In the cascading deluge of breaking news roiling the NBA on Wednesday, don't miss a significant reality suddenly under the spotlight in New Orleans: The person general manager David Griffin hires as the next head coach to replace Stan Van Gundy will impact multiple futures -- that of Zion Williamson and therefore the league itself, that of the Pelicans long-term hopes and, perhaps most of all, that of Griffin himself.
Griffin, the former Cleveland Cavaliers general manager, is a well-liked and well-respected executive with an often-promising track record to pad his resume, and an NBA championship that surely helped him land the same role in New Orleans. He also was instrumental, before LeBron James returned from Miami and revitalized the Cavaliers, in convincing Kyrie Irving to stick around despite his doubts almost a decade ago about Cleveland as an organization.
But the disaster that is the mutual parting announced Wednesday between the Pelicans and Van Gundy -- after just a single season at the helm of one of the league's most promising and disappointing teams -- isn't just about Van Gundy's shortcomings as a coach. It also sets a stark question surrounding Griffin's own skill, and the fact New Orleans has entrusted him with this rare Zion-infused window of hope and opportunity.
Entering the season, the Pelicans were a team worthy of real optimism. Williamson was entering his second professional season, and this one came with the promise of the rising superstar being consistently healthy. Brandon Ingram had already made large strides toward a lower-key level of greatness. Other young players added nice depth with high-ceiling hopes. Veteran JJ Redick, before his ugly falling out with Griffin, seemed like a nice addition.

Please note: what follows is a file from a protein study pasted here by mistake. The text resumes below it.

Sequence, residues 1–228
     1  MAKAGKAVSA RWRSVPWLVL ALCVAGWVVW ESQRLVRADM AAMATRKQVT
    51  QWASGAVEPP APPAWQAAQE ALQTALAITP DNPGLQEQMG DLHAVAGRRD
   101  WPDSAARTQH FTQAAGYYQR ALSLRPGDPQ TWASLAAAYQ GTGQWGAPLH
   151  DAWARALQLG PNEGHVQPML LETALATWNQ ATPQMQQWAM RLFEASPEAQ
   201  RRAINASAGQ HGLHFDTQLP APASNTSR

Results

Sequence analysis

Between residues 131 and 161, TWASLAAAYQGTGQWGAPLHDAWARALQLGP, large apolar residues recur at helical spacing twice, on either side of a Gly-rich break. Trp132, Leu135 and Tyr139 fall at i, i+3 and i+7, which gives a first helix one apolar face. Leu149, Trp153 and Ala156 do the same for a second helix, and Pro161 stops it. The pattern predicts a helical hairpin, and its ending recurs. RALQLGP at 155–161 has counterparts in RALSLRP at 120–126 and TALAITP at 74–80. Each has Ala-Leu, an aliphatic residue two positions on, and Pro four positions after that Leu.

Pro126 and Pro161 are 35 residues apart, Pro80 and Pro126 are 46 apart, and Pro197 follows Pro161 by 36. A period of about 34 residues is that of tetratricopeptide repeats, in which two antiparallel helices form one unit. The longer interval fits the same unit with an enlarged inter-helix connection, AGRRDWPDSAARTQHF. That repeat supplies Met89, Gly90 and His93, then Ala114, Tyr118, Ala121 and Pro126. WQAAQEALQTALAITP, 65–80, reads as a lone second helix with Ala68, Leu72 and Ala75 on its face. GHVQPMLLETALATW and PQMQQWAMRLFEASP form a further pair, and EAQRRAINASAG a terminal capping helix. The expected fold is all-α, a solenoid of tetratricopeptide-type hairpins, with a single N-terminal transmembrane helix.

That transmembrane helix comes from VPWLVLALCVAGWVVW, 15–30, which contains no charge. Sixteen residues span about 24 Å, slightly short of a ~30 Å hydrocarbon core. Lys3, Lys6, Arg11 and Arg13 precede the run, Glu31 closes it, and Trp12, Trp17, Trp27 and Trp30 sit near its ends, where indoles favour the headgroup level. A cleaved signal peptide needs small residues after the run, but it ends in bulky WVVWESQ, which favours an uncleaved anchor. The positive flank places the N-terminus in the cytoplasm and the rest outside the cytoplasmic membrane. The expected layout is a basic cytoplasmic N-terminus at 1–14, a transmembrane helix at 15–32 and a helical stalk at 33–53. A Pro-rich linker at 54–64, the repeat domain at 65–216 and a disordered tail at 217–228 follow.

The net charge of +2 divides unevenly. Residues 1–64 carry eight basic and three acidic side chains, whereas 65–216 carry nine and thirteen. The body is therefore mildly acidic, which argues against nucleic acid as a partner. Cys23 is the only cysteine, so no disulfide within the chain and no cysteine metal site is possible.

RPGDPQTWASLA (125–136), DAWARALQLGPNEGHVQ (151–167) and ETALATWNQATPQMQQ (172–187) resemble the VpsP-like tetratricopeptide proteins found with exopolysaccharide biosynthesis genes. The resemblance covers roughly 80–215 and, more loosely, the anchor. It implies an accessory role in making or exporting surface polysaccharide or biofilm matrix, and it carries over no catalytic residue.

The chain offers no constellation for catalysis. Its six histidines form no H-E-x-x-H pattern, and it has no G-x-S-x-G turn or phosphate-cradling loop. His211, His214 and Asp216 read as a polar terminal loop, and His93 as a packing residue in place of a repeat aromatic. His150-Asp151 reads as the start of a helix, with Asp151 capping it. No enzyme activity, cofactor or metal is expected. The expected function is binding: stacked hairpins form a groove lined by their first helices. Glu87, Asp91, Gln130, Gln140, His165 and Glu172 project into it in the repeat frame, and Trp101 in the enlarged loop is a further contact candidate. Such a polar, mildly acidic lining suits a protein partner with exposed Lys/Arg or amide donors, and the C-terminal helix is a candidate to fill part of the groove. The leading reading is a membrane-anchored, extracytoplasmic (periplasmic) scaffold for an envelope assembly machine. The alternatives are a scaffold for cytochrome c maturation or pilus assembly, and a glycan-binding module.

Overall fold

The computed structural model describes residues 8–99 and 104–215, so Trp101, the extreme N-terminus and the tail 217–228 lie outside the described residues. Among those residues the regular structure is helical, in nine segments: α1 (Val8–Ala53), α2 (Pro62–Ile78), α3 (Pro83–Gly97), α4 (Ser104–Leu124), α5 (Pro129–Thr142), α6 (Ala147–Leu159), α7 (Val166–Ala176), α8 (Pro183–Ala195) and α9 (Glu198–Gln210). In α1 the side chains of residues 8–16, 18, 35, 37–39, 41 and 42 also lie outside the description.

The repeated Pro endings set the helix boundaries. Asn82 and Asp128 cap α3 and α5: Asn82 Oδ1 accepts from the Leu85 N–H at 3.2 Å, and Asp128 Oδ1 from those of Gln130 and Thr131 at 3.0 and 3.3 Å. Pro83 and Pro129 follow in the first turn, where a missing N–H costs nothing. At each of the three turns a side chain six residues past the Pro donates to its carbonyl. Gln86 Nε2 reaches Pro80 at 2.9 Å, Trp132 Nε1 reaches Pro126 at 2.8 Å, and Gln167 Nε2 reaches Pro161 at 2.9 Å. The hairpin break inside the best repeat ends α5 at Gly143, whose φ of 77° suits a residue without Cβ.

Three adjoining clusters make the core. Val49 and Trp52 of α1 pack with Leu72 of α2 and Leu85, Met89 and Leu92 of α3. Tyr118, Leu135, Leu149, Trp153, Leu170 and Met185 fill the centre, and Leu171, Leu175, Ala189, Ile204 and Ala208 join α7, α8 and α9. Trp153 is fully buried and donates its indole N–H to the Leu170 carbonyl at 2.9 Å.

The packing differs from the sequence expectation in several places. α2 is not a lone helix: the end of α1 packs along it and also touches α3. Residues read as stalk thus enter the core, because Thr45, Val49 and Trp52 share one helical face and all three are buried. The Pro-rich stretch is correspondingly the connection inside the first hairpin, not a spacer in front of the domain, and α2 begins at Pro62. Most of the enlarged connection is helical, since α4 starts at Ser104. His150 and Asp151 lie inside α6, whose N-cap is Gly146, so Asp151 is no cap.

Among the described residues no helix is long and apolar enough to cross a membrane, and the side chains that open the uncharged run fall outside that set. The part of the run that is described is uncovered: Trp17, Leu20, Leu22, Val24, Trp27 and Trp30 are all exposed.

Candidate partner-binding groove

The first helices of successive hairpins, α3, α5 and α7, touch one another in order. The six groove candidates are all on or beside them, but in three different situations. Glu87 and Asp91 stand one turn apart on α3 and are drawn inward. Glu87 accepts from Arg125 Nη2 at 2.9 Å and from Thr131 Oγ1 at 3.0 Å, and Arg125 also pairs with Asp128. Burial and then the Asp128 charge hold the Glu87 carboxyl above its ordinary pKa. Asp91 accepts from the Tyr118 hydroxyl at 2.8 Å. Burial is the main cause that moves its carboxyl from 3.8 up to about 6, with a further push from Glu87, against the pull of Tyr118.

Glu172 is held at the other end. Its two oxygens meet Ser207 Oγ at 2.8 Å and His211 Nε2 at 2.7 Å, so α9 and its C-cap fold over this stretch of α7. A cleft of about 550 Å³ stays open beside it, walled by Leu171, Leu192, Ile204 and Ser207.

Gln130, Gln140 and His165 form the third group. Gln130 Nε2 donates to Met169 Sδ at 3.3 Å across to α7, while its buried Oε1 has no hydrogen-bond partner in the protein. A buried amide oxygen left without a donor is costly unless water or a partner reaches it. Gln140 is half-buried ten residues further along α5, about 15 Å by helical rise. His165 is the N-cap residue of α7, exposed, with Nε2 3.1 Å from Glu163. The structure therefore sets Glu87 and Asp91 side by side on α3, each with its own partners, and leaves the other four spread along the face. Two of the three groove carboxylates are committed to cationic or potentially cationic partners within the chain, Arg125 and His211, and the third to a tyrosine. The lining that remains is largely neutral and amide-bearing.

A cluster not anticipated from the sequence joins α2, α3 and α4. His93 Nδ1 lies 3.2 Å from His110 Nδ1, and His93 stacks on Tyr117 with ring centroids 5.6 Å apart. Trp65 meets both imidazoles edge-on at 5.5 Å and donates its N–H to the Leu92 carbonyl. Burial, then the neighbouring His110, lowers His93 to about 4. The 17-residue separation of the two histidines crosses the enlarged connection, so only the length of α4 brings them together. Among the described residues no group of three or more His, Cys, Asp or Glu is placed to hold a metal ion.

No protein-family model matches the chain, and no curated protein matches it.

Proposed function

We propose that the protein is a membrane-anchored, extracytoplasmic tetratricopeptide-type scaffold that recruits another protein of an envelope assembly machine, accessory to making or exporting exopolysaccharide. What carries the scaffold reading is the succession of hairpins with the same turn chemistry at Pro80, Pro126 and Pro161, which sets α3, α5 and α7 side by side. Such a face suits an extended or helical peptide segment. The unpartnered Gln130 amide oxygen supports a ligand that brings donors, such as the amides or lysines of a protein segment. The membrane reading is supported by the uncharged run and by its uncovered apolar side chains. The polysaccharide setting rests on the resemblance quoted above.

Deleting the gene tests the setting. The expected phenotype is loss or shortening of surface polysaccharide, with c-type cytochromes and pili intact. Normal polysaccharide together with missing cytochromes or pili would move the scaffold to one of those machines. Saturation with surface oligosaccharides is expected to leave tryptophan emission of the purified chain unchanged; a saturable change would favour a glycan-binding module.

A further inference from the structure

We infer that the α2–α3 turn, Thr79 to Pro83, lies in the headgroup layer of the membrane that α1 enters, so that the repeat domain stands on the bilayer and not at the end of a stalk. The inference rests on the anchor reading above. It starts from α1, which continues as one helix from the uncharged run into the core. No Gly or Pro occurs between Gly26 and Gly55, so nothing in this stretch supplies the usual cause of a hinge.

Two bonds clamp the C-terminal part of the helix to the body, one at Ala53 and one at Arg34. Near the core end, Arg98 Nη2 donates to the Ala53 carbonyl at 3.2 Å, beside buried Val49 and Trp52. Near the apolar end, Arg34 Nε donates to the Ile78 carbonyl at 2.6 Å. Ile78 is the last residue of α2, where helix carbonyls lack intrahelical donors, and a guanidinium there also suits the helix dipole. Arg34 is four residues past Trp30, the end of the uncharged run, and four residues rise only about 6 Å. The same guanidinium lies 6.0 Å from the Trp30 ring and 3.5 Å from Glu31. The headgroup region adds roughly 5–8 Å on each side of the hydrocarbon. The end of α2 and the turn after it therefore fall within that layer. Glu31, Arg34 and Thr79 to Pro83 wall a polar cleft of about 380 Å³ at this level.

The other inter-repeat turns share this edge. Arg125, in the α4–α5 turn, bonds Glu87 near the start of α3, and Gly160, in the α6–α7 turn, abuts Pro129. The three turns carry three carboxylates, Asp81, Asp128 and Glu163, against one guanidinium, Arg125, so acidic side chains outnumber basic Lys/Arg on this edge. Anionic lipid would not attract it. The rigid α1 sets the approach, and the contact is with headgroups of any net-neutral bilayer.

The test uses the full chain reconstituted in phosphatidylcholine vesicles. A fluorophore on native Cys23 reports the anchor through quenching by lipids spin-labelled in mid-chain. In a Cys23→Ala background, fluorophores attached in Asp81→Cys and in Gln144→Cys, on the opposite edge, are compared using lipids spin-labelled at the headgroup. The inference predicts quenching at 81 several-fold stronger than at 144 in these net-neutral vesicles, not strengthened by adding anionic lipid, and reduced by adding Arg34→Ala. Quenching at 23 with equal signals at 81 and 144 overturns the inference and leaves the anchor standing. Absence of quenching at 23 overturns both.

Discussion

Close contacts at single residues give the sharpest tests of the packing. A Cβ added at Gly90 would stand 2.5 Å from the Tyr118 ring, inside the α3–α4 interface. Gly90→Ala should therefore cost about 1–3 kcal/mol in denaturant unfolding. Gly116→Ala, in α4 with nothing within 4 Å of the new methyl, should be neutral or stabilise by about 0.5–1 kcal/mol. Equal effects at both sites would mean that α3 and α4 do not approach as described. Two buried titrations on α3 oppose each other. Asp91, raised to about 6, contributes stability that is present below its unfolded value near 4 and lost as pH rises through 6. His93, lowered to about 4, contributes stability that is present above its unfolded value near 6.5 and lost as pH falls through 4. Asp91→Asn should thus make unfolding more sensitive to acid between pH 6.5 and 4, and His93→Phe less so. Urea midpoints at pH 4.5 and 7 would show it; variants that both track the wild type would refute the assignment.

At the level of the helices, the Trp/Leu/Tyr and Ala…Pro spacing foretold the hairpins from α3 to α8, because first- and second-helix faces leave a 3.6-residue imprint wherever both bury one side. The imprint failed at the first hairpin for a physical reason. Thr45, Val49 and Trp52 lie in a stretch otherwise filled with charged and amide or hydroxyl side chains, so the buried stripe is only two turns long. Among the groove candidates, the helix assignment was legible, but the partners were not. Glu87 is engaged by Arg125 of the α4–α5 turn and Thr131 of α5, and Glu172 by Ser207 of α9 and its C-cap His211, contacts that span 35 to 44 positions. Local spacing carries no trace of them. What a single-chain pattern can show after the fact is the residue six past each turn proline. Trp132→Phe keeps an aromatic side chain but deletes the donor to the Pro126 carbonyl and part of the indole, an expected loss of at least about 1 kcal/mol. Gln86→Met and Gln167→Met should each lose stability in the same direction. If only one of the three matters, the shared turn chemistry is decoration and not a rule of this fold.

With Van Gundy at the helm, perhaps New Orleans could bridge the gulf between Zion's hype and promise and some kind of actual playoff return on all that hope. Or so the thinking must have gone in New Orleans, despite a hefty sample size in Detroit from 2014-2018 that maybe Stan wasn't the guy.
Which, it turned out, he was not.
Redick became so disillusioned he publicly feuded with Griffin, demanded his trade, and called the organization and his GM dishonest. The defense regressed, despite Van Gundy's nominal status as a defensive expert. And Zion, on a trip to New York City, marveled openly about what it would be like to play for the Knicks.
Meanwhile, out in the Eastern Conference, the Atlanta Hawks posed a compelling look at an alternative universe, one where Griffin had hired the proper coach and reaped the benefits.